*attenuation* in the stopband; thus it is usually desirable when
using a one-pole filter to set to a small value, such as
, so that the peak gain is 1 or so. When the peak gain is 1,
the filter is unlikely to overflow.^{B.1}

Finally, note that the one-pole filter is stable if and only if .

### Two-Pole

The signal flow graph for the general two-pole filter is given in Fig.B.5. We proceed as usual with the general analysis steps to obtain the following:

The numerator of is a constant, so there are no zeros other than two at the origin of the plane.

The coefficients and are called the *denominator
coefficients*, and they determine the two *poles* of .
Using the quadratic formula, the poles are found to be located at

When both poles are real, the two-pole can be analyzed simply as a
cascade of two one-pole sections, as in the previous section. That
is, one can *multiply pointwise* two magnitude plots such as
Fig.B.4a, and *add pointwise* two phase plots such as
Fig.B.4b.

When the poles are complex, they can be written as

since they must form a complex-conjugate pair when and are real.
We may express them in *polar form*
as

where

is the pole *radius*, or distance from the origin in the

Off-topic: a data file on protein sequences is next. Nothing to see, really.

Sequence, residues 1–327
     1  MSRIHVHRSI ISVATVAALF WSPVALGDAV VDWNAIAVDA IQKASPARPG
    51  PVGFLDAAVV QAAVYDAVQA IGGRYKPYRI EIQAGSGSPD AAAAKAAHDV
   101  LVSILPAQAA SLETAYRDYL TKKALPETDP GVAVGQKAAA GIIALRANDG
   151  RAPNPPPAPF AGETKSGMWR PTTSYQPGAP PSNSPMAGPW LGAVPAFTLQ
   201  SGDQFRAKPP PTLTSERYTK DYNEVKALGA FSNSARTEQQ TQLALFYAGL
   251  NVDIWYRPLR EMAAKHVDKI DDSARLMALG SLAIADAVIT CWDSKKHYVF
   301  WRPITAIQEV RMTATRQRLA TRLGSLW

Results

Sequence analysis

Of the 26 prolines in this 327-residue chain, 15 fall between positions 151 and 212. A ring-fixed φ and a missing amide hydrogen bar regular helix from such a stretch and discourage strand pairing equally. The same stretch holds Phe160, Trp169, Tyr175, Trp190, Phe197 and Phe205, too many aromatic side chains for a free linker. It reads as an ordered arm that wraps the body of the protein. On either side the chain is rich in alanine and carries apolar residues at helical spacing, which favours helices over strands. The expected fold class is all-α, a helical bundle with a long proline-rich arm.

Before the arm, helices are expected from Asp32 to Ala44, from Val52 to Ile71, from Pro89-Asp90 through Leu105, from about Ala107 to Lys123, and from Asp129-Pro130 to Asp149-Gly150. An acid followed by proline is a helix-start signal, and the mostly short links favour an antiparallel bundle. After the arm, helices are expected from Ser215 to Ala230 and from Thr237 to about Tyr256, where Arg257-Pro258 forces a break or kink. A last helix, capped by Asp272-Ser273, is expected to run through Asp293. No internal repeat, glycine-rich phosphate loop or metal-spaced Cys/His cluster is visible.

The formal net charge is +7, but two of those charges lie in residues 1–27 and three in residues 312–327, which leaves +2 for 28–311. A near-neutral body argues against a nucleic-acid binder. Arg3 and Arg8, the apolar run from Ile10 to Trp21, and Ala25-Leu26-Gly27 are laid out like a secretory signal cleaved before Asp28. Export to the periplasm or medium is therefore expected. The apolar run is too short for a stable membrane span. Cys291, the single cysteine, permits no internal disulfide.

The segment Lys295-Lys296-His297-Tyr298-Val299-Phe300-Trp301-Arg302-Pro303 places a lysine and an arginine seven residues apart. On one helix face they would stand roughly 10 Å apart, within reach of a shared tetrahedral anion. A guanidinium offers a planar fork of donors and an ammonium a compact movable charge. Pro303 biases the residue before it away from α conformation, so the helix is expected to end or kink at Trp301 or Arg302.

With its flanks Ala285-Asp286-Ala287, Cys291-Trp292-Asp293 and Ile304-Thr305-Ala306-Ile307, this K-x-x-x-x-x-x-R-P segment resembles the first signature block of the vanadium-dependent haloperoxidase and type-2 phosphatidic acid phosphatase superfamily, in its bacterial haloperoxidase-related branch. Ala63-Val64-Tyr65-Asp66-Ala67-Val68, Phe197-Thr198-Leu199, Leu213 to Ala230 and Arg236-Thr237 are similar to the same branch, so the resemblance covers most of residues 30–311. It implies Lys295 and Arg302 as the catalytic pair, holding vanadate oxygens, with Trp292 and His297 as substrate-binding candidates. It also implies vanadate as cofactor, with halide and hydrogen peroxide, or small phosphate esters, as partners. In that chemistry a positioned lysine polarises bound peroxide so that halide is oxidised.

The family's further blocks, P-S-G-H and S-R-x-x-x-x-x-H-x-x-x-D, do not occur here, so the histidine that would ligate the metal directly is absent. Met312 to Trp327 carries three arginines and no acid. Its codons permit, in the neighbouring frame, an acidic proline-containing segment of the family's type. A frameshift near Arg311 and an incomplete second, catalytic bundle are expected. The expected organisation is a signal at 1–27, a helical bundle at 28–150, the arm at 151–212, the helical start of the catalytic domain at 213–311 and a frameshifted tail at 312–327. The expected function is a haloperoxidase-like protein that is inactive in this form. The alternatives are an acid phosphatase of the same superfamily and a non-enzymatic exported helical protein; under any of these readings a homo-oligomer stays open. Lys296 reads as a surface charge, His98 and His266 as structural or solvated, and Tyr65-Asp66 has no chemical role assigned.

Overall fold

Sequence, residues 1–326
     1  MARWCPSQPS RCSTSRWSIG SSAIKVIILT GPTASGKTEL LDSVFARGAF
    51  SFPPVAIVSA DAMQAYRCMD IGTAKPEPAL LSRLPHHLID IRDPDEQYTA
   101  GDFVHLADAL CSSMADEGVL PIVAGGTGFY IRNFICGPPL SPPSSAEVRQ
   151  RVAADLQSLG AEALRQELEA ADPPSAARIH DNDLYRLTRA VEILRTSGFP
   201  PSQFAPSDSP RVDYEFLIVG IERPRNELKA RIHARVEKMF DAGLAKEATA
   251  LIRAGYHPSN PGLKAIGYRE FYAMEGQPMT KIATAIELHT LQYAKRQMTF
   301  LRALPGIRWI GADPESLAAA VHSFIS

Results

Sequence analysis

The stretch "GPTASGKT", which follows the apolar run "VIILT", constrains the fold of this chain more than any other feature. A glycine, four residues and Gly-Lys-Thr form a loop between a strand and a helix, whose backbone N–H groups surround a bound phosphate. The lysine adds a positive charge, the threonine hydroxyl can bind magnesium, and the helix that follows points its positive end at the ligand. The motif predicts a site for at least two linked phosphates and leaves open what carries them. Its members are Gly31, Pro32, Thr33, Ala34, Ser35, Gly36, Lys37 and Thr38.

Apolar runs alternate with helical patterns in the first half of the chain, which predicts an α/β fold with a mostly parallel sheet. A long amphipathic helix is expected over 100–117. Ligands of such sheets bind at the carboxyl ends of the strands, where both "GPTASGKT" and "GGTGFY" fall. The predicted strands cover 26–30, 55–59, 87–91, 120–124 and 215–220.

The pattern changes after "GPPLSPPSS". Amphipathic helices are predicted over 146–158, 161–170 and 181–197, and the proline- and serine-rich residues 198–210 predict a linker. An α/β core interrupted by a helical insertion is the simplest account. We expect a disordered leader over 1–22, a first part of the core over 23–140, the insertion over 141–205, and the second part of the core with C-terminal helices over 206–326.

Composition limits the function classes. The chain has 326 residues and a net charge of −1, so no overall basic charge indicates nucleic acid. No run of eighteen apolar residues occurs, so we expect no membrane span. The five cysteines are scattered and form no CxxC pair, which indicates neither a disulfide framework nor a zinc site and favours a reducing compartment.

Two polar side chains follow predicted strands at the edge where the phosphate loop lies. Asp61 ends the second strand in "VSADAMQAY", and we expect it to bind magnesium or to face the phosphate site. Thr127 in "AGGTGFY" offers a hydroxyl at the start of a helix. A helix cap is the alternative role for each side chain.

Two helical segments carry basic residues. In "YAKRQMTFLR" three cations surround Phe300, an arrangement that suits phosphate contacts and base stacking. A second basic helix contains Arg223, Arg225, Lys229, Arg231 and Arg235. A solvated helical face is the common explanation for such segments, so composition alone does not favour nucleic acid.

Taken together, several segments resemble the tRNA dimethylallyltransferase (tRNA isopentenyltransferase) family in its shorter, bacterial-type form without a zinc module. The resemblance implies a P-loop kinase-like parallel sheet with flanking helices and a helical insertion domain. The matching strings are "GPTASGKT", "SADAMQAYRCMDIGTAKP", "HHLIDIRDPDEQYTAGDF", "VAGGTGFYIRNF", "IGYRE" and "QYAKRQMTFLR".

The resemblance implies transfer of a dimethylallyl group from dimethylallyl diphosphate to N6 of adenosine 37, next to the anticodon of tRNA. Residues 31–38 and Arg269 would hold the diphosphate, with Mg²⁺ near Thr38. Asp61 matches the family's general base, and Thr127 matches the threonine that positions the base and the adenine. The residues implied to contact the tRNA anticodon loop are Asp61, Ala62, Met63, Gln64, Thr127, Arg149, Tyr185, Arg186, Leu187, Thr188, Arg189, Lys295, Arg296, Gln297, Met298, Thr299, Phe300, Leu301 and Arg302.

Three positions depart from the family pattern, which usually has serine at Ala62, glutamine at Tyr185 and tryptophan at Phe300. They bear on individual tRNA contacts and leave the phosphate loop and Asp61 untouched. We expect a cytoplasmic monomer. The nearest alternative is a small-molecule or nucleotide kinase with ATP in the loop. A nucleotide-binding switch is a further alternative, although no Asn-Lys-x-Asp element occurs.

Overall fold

-plane. As discussed in Chapter 8, we must have for
stability of the two-pole filter. The angles
are the
poles' respective *angles* in the plane. The pole angle
corresponds to the *pole frequency* via the
relation

If is sufficiently large (but less than 1 for stability), the
filter exhibits a *resonance*^{B.2} at
radian frequency
. We may call
or the *center frequency* of the
resonator. Note, however, that the resonance frequency is not usually
the precise frequency of *peak-gain* in a two-pole resonator (see
Fig.B.9 on page ).
The peak of the amplitude response is usually a little different
because each pole sits on the other's ``skirt,'' which is slanted.
(See §B.1.5 and §B.6 for an elaboration of this point.)

Using polar form for the (complex) poles, the two-pole transfer
function can be expressed as

Comparing this to the transfer function derived from the difference equation, we may identify

The difference equation can thus be rewritten as

Note that coefficient depends only on the pole radius R (which
determines damping) and is independent of the resonance frequency,
while is a function of both. As a result, we may *retune*
the resonance frequency of the two-pole filter section by modifying
only.

The gain at the resonant frequency
, is found by
substituting
into
Eq.(B.1) to get

See §B.6 for details on how the resonance gain (and peak gain) can be normalized as the tuning of is varied in real time.